That single moment defined the 49ers' 1981 season. It still defines Clark and, to a degree, Montana as well.
2011 Alex Smith QBR by Game (50 is avg.)
The fact that Montana finished that NFC Championship Game against Dallas with three touchdowns, three interceptions and an 81.4 NFL passer rating is irrelevant.
Thirty years later, Alex Smith's 28-yard touchdown run and winning 14-yard scoring pass to Vernon Davis -- all in the final 2:11 of the 49ers' 36-32 playoff victory over New Orleans -- have given NFL history two more iconic plays.
We know those plays were pivotal and Smith deserves credit for his role in them. The question is always, how much?
Hey, I wonder if Total QBR gave Smith his due. It did, but probably to an unsatisfying extent.
The figure was 78.1 out of 100, third-best in the divisional round, behind those for Tom Brady (95.1) and Eli Manning (88.8). Aaron Rodgers (66.9) and Drew Brees (62.0) also fared above the 50-point level representing average play.
"If Smith only had a [78.1] QBR, that system is horrible," came one response. "Four TDs and no picks?"
I'd give Smith a perfect score for coming through in epic fashion. QBR measured Smith's performance on different terms. To what degree did his play affect win probability throughout the game?
On the bad side, Smith took three of his four sacks on third down. He fumbled twice, losing one on third down. On the good side, he won the game with clutch fourth-quarter throws, including well down the field. His QBR for the game jumped from 25.7 to 64.2 on his 28-yard scoring run. It rose to 78.1 with his 14-yard pass to Davis for the win.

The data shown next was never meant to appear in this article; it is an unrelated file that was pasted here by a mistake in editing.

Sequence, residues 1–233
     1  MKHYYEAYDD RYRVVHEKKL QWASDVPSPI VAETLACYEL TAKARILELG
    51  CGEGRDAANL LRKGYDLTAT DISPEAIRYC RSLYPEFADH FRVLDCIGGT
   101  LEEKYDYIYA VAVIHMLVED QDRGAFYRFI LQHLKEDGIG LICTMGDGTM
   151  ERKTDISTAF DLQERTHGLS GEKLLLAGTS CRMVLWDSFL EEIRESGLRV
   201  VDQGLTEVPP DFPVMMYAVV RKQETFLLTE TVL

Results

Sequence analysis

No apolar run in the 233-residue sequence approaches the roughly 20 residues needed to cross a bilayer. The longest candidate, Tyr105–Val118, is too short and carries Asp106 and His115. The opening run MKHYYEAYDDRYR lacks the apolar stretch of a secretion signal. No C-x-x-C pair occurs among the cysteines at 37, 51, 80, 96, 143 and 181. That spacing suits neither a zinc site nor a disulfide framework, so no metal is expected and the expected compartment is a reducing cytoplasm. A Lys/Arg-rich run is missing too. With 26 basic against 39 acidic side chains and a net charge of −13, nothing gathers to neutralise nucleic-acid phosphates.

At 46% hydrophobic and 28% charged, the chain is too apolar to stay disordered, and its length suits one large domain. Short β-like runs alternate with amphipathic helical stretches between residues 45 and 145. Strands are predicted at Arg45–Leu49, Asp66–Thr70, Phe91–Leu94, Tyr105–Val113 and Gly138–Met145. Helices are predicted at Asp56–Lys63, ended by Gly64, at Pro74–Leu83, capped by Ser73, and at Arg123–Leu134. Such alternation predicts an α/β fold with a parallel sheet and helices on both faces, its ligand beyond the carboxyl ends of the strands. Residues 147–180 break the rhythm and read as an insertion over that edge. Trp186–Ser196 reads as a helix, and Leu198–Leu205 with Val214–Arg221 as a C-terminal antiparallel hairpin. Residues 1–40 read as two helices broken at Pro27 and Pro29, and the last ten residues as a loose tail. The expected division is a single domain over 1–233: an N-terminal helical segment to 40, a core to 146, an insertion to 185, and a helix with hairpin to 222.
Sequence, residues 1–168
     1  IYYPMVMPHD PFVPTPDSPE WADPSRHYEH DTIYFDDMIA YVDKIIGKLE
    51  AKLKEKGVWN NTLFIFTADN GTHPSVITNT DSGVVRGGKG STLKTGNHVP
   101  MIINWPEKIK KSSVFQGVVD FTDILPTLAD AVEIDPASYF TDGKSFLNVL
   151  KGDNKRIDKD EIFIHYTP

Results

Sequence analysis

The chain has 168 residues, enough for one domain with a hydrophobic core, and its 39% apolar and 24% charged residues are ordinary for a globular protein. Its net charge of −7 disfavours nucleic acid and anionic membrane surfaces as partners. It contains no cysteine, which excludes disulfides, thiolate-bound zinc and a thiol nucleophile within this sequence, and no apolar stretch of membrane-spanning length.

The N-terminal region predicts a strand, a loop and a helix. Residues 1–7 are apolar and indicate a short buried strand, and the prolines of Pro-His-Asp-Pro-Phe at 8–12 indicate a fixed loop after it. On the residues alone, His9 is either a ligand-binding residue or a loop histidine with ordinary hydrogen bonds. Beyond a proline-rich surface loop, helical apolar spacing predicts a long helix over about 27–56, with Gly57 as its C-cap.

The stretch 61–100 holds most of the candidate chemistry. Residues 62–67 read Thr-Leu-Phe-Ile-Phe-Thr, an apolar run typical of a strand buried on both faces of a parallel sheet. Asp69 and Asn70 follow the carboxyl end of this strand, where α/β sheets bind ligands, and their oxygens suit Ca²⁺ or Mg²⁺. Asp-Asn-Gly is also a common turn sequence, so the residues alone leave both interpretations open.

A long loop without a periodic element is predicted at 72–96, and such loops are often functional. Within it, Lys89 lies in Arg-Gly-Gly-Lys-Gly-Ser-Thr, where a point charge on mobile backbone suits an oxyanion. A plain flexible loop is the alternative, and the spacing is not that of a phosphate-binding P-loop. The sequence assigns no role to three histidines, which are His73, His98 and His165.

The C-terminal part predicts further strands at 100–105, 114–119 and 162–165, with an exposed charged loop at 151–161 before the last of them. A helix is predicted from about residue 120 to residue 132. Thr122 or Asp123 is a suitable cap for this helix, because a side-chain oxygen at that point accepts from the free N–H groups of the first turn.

Better yet for Smith, his fourth-quarter QBR was 99.7, the third-highest for any player in a fourth quarter this season. His score for the game was his fourth-highest of the season. The team is 12-0 when his QBR exceeds 41.4 (50 is average).
The first chart shows Smith's QBR scores by game in descending order.
The chart below shows scores for all quarterbacks in the divisional round. The columns with "EPA" show how many expected points were added through the quarterback's contributions. Every situation carries a certain amount of expected points. A negative play reduces the expected points for a given situation.
The clutch-weight average column reflects game situations, not how well players performed during those situations. Any clutch average above 1.0 reflects a quarterback performing in higher-pressure situations.